Older residents ahead?

John O'Connor
John O'Connor

Conventional wisdom holds that the sweet spot for long-term care residents is around age 85, give or take. But what if that figure were to increase dramatically?

One result could be facilities where 100-year-old residents became the rule rather than the exception. The discovery of some dirt on Easter Island might make such scenarios possible. 

That's because the soil in question contains a bacterium called Streptomyces hygroscopicus. Turns out this bacterium secretes an antifungal compound that is the source of rapamycin. And rapamycin may be able to do what other promising cures could not — delay and/or minimize the diseases of aging.

To be sure, rapamycin has many predecessors. The early Greeks are credited with being the first to put such thoughts on paper. And Ponce de Leon was believed to have been looking for a fountain of youth when he stumbled upon Florida in 1513. During the 1800s, the French physiologist Charles-Edouard Brown-Sequard suggested such a fountain could be found in the extracts of crushed animal testicles.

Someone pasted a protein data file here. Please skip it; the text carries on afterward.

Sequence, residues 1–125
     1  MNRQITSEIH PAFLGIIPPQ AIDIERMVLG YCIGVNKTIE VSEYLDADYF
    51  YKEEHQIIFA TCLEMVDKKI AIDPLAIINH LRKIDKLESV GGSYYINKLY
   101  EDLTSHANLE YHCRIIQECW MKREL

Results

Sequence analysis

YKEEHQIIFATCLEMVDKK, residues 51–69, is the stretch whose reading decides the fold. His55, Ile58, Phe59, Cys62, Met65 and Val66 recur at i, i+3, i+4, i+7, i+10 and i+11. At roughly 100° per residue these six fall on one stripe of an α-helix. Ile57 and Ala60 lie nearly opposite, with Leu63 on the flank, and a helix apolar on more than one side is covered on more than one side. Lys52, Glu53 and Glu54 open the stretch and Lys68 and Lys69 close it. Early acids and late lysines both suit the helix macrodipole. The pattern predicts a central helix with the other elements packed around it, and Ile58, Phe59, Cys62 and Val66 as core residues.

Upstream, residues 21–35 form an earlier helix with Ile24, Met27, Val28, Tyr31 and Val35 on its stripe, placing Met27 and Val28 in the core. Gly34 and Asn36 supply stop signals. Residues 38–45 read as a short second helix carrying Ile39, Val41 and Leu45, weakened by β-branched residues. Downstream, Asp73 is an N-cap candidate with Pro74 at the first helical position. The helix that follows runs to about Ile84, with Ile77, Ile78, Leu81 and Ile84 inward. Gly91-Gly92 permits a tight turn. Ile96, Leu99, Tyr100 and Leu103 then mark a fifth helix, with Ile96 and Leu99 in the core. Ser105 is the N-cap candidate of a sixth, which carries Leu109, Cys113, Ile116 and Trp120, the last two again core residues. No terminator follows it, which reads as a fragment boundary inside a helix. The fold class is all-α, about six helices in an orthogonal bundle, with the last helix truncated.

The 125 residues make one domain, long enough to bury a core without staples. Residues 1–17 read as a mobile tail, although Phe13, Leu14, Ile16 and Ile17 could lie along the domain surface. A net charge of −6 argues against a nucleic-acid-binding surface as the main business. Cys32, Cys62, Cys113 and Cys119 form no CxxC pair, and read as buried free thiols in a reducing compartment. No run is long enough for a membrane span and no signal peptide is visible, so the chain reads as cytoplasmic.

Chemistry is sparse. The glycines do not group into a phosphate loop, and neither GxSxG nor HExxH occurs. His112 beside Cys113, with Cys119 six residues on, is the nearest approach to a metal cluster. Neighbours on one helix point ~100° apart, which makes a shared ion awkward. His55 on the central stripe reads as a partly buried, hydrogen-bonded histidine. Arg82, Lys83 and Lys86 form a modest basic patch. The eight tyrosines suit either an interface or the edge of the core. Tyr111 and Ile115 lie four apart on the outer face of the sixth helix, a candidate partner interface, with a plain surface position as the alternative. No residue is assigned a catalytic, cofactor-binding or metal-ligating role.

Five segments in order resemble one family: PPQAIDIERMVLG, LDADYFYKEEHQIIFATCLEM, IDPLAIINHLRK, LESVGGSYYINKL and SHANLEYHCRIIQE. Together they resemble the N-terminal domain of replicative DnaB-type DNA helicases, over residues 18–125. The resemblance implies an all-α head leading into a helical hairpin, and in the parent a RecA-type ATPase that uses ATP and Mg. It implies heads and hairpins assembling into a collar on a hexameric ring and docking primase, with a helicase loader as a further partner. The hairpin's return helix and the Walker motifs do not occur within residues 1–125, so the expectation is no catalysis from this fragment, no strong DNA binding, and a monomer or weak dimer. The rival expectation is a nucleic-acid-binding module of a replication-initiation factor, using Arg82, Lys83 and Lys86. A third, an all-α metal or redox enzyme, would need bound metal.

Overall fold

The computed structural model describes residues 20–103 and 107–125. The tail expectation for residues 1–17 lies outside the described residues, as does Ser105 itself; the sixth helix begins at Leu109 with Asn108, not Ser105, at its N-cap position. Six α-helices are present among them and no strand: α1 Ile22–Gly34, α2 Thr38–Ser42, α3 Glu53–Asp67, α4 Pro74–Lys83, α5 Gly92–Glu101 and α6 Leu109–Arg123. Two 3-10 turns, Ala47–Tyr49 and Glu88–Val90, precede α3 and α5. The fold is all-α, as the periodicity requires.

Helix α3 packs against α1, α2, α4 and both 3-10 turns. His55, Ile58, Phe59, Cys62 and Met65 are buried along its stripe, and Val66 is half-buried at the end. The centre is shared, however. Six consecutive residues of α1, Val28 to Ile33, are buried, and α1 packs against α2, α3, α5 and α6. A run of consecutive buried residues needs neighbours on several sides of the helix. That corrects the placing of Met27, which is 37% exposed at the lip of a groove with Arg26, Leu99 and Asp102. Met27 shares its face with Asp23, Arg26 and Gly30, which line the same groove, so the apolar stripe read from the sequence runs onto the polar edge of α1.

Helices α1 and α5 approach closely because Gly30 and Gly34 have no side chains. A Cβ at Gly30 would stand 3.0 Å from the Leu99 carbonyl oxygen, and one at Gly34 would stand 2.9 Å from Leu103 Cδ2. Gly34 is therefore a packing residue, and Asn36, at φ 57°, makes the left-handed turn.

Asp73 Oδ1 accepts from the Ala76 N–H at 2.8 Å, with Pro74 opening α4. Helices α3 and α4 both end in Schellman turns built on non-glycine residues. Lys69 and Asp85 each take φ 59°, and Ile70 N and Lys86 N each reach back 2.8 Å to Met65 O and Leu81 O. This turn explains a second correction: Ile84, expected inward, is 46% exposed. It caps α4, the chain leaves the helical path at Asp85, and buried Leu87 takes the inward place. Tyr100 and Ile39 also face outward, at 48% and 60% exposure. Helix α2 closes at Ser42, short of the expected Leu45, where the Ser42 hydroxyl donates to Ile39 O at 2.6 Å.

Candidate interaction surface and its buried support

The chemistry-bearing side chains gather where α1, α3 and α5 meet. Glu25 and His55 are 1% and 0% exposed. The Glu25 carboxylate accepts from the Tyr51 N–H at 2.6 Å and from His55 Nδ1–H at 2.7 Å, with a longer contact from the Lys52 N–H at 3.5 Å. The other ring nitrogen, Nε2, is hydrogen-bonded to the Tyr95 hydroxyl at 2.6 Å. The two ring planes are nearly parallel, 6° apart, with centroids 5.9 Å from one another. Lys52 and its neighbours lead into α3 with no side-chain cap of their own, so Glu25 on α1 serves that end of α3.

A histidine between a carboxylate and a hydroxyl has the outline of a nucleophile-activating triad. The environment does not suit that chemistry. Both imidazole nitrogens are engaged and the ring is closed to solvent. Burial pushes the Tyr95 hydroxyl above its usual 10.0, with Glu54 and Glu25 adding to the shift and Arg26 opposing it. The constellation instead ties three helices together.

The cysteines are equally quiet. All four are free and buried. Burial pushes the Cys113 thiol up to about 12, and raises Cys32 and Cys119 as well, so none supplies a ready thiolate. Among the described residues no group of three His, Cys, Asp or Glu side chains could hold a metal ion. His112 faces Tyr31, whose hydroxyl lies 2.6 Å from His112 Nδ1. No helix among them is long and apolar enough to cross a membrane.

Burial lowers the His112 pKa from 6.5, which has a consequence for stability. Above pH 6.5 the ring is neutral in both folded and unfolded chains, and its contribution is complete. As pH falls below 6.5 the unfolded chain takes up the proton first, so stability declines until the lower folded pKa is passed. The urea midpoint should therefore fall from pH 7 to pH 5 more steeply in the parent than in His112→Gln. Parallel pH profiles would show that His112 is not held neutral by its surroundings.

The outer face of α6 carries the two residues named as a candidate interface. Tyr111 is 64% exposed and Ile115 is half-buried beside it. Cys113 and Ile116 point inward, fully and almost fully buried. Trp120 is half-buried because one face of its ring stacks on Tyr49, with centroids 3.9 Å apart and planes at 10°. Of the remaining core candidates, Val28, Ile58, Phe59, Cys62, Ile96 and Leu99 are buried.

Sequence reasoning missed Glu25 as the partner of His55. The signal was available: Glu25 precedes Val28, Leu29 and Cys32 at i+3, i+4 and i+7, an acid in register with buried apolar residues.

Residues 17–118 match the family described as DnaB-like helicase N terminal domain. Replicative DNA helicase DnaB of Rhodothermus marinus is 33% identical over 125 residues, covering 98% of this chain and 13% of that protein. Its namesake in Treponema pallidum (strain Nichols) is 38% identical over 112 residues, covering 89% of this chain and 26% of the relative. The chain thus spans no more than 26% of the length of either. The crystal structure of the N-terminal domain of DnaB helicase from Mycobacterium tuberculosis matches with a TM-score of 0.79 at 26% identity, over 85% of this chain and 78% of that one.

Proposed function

But rapamycin is different. For one thing, it has already shown its usefulness. In addition to its antifungal properties, rapamycin helps suppress the immune system, and is commonly used for patients receiving organ transplants. 

But its legacy payoff may be yet to come. For you see, it is also showing promise in delaying the onset of diseases such as Alzheimer's — and perhaps extending years of healthier living as well.

Rapamycin works by inhibiting cellular pathways that monitor growth and metabolism. It essentially gets the user's body to behave as if it were in hungry mode, when cells tend to be less prone to self-destruction.

That doesn't mean rapamycin will soon be prescribed to everyone with an AARP membership. There are some potential downsides, not the least of which is that a user's immune system may be undermined. The medication also has been shown to slow wound healing and cause canker sores. 

But to someone confronting Alzheimer's, frailty or imminent death, those might be risks worth chancing. 

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